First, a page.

Epidemiology of Monoclonal B-Cell Lymphocytosis Study

Monoclonal B-cell lymphocytosis (MBL) is considered a precursor lesion of chronic lymphocytic leukemia (CLL). This precursor lesion involves an abnormality of lymphocytes that may increase the risk of developing a blood or lymph node cancer.

Family history

People with a family history of chronic lymphocytic leukemia are about eight times more likely to develop CLL than are people without a family history of CLL. In addition, people with a family history of CLL are also more likely to have MBL. For example, monoclonal B-cell lymphocytosis appears in almost 18% of people who have two or more relatives with CLL or a similar blood disorder. Research suggests that there's a strong connection between CLL, MBL and having a family history of CLL or other type of blood and lymph node cancer.

About the study

The purpose of this study is to investigate the potential connections between monoclonal B-cell lymphocytosis and blood and lymph node disorders, including CLL, in people with MBL. To do this, our research team is collecting blood samples from participants at several time points during the length of the study. This process allows us to evaluate the change in MBL characteristics over time, along with genetics related to MBL.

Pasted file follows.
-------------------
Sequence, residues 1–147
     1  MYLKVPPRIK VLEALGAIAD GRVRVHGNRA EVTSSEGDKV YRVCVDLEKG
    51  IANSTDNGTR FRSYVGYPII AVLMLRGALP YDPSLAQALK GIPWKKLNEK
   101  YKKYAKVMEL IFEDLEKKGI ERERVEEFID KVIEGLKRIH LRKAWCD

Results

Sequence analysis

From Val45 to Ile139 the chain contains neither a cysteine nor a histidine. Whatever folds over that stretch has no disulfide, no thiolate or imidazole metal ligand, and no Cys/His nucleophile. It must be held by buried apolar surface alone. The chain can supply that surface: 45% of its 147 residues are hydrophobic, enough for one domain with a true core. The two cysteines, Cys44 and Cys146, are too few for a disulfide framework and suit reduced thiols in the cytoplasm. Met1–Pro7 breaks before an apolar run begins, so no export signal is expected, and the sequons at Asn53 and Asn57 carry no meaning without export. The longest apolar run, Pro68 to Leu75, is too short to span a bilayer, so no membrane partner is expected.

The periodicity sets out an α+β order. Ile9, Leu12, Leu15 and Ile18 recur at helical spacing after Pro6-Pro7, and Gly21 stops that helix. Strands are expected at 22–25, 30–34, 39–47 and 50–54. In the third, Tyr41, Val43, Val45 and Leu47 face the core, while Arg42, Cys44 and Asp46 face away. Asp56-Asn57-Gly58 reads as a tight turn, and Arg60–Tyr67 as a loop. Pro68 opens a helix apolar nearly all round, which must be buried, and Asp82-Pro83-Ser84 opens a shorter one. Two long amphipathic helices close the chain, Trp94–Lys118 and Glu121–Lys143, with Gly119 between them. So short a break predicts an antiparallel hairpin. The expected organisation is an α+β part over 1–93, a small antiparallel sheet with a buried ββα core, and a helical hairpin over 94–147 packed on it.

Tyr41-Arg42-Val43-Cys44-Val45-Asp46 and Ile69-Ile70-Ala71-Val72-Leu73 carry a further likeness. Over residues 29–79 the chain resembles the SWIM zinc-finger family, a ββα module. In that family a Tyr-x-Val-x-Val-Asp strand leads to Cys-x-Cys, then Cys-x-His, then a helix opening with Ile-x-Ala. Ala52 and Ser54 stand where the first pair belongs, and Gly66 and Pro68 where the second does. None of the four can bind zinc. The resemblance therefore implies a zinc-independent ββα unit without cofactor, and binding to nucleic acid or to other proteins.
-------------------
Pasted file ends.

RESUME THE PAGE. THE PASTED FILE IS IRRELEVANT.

Participation in the study includes:

  • Completing a questionnaire about lifestyle factors, personal medical history and demographic information.
  • Donating a small amount of blood, about 4 tablespoons (59 ml). For convenience, our lab can send a kit that you can take to your local clinic or health care provider for the blood draw. The blood draw can also be done at Mayo Clinic if preferred.
  • Donating a sample of saliva. A kit is mailed to you with all the items to collect the sample.
  • Providing permission with written informed consent to access, for research purposes only, any medical records related to care for blood or lymph node cancer or related conditions.
  • Updating information and samples. Every three years, we contact study participants for a new blood sample and to complete a short questionnaire.